This is the first edition of the Southeast Asian Mathematics Education Journal (SEAMEJ) which is an academic journal devoted to publishing a variety of research studies and theoretical papers in the field of mathematics education. SEAMEJ seeks to stimulate discussion at all levels of the mathematics education community. SEAMEJ aims to be published once a year, in November by the Southeast Asian Ministers of Education Organization (SEAMEO), Centre for Quality Improvement of Teachers and Education Personnel (QITEP) in Mathematics situated in Yogyakarta Indonesia.
Launched on July 13, 2009, there are now three SEAMEO Centres for QITEP. One centre is QITEP in Mathematics (Yogyakarta), one QITEP in Science (Bandung) and one QITEP in Languages (Jakarta).
QITEP in Mathematics conducted its first International Symposium in November 2011, and a number of paper presenters were approached to submit their papers to this journal.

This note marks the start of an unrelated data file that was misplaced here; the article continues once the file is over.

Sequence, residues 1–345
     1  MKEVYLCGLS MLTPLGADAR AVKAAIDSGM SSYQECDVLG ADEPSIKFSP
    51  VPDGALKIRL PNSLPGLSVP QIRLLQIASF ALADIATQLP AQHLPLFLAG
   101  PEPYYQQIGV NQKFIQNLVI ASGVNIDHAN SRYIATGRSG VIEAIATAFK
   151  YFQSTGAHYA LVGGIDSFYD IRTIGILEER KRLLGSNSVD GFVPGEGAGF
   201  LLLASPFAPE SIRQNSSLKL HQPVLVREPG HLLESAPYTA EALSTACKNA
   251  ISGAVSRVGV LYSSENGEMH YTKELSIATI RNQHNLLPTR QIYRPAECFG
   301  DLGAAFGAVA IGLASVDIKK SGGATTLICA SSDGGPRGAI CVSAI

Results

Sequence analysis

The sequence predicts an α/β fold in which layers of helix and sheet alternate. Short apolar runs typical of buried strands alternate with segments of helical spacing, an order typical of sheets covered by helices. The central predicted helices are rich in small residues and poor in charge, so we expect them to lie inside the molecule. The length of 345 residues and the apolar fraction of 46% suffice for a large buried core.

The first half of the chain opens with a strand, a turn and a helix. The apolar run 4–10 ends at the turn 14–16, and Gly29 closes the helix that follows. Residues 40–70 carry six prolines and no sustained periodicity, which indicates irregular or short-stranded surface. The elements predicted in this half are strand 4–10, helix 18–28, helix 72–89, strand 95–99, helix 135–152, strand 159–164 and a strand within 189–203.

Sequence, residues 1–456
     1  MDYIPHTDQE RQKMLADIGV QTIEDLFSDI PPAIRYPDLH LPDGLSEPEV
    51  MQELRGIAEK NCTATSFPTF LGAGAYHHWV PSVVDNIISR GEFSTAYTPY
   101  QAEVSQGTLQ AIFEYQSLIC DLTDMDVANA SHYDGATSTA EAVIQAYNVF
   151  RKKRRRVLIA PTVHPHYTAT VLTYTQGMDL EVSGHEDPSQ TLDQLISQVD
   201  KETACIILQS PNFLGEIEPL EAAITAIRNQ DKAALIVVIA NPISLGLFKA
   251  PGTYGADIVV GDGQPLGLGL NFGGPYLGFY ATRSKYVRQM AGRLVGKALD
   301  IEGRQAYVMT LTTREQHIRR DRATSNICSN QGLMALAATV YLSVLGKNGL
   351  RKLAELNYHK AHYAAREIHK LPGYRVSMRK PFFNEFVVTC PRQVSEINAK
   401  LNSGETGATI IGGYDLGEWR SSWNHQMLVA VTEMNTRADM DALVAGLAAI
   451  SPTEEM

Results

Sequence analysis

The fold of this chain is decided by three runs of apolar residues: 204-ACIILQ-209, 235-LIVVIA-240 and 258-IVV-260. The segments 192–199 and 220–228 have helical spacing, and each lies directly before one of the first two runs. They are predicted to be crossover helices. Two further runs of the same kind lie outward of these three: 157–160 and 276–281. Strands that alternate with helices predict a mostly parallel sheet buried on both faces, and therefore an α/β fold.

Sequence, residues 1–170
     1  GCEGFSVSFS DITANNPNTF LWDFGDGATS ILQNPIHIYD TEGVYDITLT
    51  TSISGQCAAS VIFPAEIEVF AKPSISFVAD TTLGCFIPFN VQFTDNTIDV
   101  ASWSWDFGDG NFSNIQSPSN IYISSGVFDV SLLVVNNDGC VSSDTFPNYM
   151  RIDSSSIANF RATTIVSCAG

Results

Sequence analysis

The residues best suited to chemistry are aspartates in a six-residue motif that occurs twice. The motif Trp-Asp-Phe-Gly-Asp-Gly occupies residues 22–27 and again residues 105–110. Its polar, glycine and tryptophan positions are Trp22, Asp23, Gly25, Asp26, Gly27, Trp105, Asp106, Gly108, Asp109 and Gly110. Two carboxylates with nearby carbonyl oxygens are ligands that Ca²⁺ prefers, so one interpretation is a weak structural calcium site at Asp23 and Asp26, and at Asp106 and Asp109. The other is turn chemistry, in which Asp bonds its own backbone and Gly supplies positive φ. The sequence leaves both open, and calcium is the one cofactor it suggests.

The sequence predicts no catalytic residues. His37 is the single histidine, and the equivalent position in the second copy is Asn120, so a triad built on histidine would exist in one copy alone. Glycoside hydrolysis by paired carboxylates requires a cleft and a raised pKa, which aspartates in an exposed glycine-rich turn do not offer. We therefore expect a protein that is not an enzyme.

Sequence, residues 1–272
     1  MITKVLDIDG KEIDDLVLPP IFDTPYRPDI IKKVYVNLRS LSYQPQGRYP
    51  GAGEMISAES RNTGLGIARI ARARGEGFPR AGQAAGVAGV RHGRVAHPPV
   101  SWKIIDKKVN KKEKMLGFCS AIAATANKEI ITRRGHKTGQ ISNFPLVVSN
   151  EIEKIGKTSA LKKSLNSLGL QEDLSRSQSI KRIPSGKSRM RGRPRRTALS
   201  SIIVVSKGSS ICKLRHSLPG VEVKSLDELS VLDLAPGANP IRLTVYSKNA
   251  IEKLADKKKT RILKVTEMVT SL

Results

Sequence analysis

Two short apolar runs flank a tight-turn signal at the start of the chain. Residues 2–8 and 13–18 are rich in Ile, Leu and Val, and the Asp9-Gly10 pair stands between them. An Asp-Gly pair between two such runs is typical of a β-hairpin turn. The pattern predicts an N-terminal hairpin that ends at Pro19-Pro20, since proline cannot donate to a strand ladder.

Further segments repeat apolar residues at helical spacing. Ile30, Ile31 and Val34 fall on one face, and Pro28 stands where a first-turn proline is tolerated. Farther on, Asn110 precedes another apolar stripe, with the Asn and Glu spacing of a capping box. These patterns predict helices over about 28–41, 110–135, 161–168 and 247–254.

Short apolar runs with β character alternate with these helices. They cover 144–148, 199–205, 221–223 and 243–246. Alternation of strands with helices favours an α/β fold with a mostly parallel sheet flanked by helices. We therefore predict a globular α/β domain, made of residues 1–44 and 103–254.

In this issue we begin with a paper that provides research to defend teachers from being blamed for all the problems of education. It argues that teachers are crucial to addressing the problems. The papers that follow provide some excellent directions for teachers in their quest to become more effective in the classroom. The topics range across mathematical literacy, student engagement, mathematical modelling, Lesson Study, algebra and Primary school mathematics. This edition has a particularly strong representation from the National Institute of Education, Singapore. We are very thankful for their early support.
As this is the first edition, we wish to apologise if we have made errors. We welcome feedback or suggestions for improvement, but most of all, we welcome paper contributions.
The Journal seeks articles highlighting empirical as well as theoretical research studies, particularly those that have a perspective wider than local or national interests. All contributions to SEAMEJ will be peer reviewed and we are indebted to those on the International Advisory Panel for their support.
Allan L. White